Record crowds enjoy hot breakfast before Two Up

Mayor Lisa Lake (centre) and councillors Diane Colman and Suman Saha at the Merrylands service.

THEY came in their thousands to pay their respects at a range of services in the lead up to and on ANZAC Day itself last Thursday.

Federal MP for Reid Sally Sitou with 104-year-old Bruce Robertson, a veteran wireless operator in the RAAF, at the Kokoda Track Memorial Walkway.

After laying wreaths at memorials large and small last Tuesday, including at Clyde Railway Workshops War Memorial and Melville Park bridge in Homebush West, Cumberland RSL Sub-branch President Matt Jones said he was delighted at the number of students from Lidcombe Public taking part in the ANZAC-Kapyong Commemorative Service at Lidcombe Remembrance Park on Wednesday.
“Under the leadership of school principal Matt Lewis, the school captains each spoke and others recited poetry,” he said.
This was followed by ANZAC Day dawn services at Auburn and Granville, a wreath laying at Lidcombe Remembrance Park at 6.30am and at 1pm at the Regent Street Pavilion memorial held in partnership with Heartbeat Church.
Auburn local Captain Mikail Ozdemir gave the address at Auburn on behalf of the Australian Defence Force, along with former army officer Rodger Shanahan who is now a leading academic in Islamic studies.
Matt said both addresses were very powerful and inspiring.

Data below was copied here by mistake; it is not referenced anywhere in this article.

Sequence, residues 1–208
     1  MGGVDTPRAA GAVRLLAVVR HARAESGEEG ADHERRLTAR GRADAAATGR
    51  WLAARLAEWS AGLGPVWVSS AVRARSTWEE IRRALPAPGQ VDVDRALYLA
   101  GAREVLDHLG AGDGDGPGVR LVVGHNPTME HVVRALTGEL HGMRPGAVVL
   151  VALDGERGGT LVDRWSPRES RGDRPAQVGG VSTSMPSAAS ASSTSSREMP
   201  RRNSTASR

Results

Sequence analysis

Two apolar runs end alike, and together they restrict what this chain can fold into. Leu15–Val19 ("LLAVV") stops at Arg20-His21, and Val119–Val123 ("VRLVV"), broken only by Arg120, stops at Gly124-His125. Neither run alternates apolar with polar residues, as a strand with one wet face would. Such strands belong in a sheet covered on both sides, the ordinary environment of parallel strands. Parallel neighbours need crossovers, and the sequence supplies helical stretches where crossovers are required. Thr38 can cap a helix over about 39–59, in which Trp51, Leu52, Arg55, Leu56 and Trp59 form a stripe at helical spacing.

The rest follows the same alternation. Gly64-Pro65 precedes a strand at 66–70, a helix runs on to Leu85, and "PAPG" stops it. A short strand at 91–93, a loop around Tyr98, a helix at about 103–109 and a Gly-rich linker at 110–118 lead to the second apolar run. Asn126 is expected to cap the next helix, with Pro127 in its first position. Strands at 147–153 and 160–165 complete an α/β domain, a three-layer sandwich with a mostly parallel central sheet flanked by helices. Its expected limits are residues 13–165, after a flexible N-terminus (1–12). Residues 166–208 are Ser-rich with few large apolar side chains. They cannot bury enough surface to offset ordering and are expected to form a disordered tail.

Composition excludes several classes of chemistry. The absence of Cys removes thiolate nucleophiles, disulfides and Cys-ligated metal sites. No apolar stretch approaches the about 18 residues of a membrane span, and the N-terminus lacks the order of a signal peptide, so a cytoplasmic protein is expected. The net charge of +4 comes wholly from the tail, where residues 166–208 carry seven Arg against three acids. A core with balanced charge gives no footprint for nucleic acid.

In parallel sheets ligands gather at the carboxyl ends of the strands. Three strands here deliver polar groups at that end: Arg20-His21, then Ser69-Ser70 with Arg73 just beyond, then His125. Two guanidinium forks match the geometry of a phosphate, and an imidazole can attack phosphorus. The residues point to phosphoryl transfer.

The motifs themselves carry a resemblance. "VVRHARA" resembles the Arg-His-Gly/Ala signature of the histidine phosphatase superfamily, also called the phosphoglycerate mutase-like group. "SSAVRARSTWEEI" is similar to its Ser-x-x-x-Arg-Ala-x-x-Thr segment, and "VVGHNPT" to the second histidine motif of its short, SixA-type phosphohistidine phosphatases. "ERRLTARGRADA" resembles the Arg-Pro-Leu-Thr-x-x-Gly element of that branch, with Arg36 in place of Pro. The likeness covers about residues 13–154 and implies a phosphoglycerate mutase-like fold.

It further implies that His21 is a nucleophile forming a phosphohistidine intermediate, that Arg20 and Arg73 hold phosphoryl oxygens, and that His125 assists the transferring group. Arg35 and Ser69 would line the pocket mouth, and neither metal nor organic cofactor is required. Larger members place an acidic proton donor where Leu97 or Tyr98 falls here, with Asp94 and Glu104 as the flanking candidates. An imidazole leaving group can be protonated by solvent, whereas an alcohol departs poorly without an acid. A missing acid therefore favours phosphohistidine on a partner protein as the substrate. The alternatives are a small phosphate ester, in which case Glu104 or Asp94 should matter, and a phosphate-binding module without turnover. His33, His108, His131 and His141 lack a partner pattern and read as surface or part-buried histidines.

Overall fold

“Rodger spoke about the importance of simplicity when Australians come together to remember the ANZACs,” he said.
“He picked up on the quote ‘let silent contemplation be your offering’.
“However what was significant this year was the large number of young people in attendance at our services and reflecting on what the day meant to them.
“But the meaning today is the same as it ever was, such as how historian Charles Bean described it ‘wreckless valour in a good cause, comradeship and endurance that will never own defeat’.”
Matt said he was excited to build on the interest among the younger generation and in 2025, plans to have dawn services at all memorials.
Feeding a hot breakfast to over 800 at Merrylands RSL, the club’s Jane Smith said there were even more at Charles Mance Reserve for the dawn service.
“Over 2,000 turned out to hear inspiring addresses from Wendy Hudson, daughter of famous Merrylands digger Wilbert ‘Darky’ Hudson, who was awarded the Military Medal for shooting down a Japanese plane in the attack on Darwin, and Charles Mance’s grand-daughter, Eva, 8, who spoke about his heroism in WW2,” she said.
“ANZAC Day was the perfect opportunity to honour our local legends, catch up with old friends over breakfast and enjoy a game of Two Up in the afternoon.”
Attending three of the services, Mayor Lisa Lake said she felt very fortunate to be a part of such unifying events.
“It was a great morning across Cumberland as the many services brought together our local people to remember, honour and show gratitude for the service of Australia’s young men and women in past conflicts,” she said.